About Autoimmune Disease, Newly Diagonosed

Understanding Autoimmune Diseases: A Place to Begin

I remember how overwhelmed I was the first time my doctor diagnosed me with an autoimmune disease.  She started naming all of these weird sounding diseases that I had never heard of, gave me a prescription, and referred me to a rheumatologist.  She basically said you have an incurable illness that will only get worse over time and left my mind to wander.  Oy!  My mind was spinning.  I had, at least, a thousand more questions than answers once they diagnosed me and I imagine you do to.


There are many different responses to an autoimmune disease diagnosis.  For some of us, it comes as a relief and as validation after years of trying to convince people that there is something wrong with us and not being taken seriously.  For some of us, it comes as a complete shock.  We may have felt bad but we never imagined we might have a disease that will never go away.  For most of us, it is a mixture of the two responses, a complex combination of relief and dread all being crowded out by the sheer overwhelming nature of it all.  Now that you actually have a diagnosis, or even if your physician is speculating towards a diagnosis of autoimmune disease, where do you start?

The first thing that you want to try to understand is exactly what an autoimmune disease is.  In broad terms, an autoimmune disease is when the bodies immune system attacks healthy cells.  However, broad terms aren’t going to be enough to get a grip on your new diagnosis.  It is going to take a bit of studying to understand what is taking place now that you know you have an autoimmune disorder.  In order to better understand an improper immune function we first must brush up on our understanding of how a healthy immune system works.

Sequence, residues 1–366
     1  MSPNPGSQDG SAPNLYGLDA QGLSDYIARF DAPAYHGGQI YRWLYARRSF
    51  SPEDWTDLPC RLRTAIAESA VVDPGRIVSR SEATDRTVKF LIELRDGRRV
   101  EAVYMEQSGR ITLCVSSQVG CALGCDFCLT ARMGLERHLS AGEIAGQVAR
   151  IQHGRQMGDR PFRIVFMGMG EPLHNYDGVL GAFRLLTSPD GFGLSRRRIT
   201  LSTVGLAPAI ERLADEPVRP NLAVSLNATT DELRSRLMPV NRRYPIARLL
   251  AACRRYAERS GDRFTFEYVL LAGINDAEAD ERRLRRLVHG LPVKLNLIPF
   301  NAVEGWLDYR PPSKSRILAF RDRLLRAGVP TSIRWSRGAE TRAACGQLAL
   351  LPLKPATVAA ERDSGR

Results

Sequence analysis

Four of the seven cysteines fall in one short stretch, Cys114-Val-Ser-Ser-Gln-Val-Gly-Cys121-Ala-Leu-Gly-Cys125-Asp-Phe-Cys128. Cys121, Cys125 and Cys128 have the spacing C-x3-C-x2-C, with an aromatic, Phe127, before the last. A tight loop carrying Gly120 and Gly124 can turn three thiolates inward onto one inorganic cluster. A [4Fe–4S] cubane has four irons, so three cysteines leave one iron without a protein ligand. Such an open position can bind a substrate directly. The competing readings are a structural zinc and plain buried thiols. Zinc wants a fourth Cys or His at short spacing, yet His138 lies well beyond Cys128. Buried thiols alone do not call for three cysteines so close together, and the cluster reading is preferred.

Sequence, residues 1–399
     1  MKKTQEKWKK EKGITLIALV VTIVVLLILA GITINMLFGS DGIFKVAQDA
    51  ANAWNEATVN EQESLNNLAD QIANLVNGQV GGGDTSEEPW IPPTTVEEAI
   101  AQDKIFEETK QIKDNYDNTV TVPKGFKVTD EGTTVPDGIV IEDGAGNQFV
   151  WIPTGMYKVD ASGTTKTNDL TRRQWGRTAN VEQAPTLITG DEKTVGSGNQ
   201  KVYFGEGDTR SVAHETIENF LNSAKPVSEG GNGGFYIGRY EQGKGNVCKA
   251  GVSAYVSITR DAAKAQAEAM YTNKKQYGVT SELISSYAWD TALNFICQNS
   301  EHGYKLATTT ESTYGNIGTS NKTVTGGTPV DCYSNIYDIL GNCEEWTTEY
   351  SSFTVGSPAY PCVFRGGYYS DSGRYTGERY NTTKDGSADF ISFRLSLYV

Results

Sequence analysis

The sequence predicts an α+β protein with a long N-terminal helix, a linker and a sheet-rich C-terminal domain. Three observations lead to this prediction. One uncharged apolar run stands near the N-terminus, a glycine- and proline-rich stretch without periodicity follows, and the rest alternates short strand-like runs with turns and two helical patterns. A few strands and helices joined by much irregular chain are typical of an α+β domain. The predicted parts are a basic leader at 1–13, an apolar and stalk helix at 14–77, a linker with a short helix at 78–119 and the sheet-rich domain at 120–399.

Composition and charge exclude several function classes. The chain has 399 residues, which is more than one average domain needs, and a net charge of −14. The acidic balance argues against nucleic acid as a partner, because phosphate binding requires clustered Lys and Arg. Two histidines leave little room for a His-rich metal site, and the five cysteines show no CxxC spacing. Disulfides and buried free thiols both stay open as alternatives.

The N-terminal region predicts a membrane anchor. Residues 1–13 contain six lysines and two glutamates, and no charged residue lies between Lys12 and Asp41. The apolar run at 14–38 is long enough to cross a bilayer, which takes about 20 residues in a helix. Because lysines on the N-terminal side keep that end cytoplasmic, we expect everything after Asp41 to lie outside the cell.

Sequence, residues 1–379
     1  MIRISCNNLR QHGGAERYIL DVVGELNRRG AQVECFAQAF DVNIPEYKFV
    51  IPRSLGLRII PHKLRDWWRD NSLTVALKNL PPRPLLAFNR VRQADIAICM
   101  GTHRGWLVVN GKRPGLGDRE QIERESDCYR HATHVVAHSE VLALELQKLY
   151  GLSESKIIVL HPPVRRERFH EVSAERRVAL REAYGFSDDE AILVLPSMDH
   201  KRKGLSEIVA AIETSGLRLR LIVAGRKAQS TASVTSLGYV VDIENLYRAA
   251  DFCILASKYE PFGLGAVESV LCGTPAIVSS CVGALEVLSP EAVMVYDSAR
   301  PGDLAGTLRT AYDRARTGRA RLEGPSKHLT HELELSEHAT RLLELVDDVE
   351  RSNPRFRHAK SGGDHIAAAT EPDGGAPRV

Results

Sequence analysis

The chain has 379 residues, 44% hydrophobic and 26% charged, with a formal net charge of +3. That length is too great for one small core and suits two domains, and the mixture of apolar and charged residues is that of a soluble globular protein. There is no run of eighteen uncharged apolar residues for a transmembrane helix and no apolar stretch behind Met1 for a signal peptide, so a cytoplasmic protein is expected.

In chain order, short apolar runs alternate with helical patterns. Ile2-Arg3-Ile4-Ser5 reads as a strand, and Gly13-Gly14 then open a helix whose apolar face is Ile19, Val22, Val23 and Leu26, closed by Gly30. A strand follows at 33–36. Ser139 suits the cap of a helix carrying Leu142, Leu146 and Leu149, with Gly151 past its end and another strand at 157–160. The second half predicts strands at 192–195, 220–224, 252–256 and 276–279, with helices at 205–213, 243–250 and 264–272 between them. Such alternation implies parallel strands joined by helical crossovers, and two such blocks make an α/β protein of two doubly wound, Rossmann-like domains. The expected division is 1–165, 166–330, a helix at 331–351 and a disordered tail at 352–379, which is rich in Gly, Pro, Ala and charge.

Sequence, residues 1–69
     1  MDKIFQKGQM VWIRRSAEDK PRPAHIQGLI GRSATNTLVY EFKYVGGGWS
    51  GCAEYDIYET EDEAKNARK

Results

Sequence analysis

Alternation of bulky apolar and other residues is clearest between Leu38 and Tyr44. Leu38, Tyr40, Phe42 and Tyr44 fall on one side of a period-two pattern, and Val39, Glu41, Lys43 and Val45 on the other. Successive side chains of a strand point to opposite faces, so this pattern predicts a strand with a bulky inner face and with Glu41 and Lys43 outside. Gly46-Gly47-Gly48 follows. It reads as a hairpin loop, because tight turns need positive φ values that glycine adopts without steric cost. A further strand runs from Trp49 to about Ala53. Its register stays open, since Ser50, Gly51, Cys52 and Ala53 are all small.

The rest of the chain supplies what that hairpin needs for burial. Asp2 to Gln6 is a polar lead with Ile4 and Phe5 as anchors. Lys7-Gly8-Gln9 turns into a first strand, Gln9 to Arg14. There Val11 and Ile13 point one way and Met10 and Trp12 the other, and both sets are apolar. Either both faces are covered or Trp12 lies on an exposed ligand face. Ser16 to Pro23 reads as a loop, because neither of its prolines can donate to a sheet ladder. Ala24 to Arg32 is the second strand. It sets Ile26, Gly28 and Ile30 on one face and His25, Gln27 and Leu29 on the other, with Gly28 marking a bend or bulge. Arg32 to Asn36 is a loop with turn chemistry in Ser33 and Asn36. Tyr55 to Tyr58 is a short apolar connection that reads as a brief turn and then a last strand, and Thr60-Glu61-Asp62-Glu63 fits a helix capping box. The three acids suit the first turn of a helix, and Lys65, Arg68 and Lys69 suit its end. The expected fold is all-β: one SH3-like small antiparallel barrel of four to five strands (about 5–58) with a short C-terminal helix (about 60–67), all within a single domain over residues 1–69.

The immune systems job is to protect your body from foreign invaders such as bacteria, viruses, pathogens, and parasites.  It responds to harmful substances we interact with in our environment and works to neutralize their effects.  It also protects us from rogue cells that have changed due to illness like cancerous cells.


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There are two separate parts to your immune system and although they are distinct from one another they work together to complete immune function as a whole.  The first part is called the innate immune system.  The innate immune system is the bodies general defense system.  You can think of it as the army of your body.  It is trained to defend by marching against invaders and providing immediate, generic protection.  It primarily deals with bacterial infections and works on the cellular level to battle “bad” cells that have become harmful.

The second part of the immune system is called the adaptive immune system.  The adaptive immune system is a highly specialized targeting system.  Think of it as the special forces.  Like the Navy Seals, it is highly trained to respond to specific threats.  It is highly specific and responds to distinct threats in distinct ways.  It also is adaptive and can react to ever-changing bacteria and viruses by adapting its response along with it.  It memorizes how to respond to things from previous interactions. Remember how vaccines work?  They introduce a minuscule amount of a specific antigen to the immune system which then easily responds and neutralizes it.  It then memorizes how to defeat it so when you are invaded by it in the future it can easily initiate its trained battle plan to neutralize it. This usually provides long lasting protection, so thankfully, I will only have to experience rubella once in my life.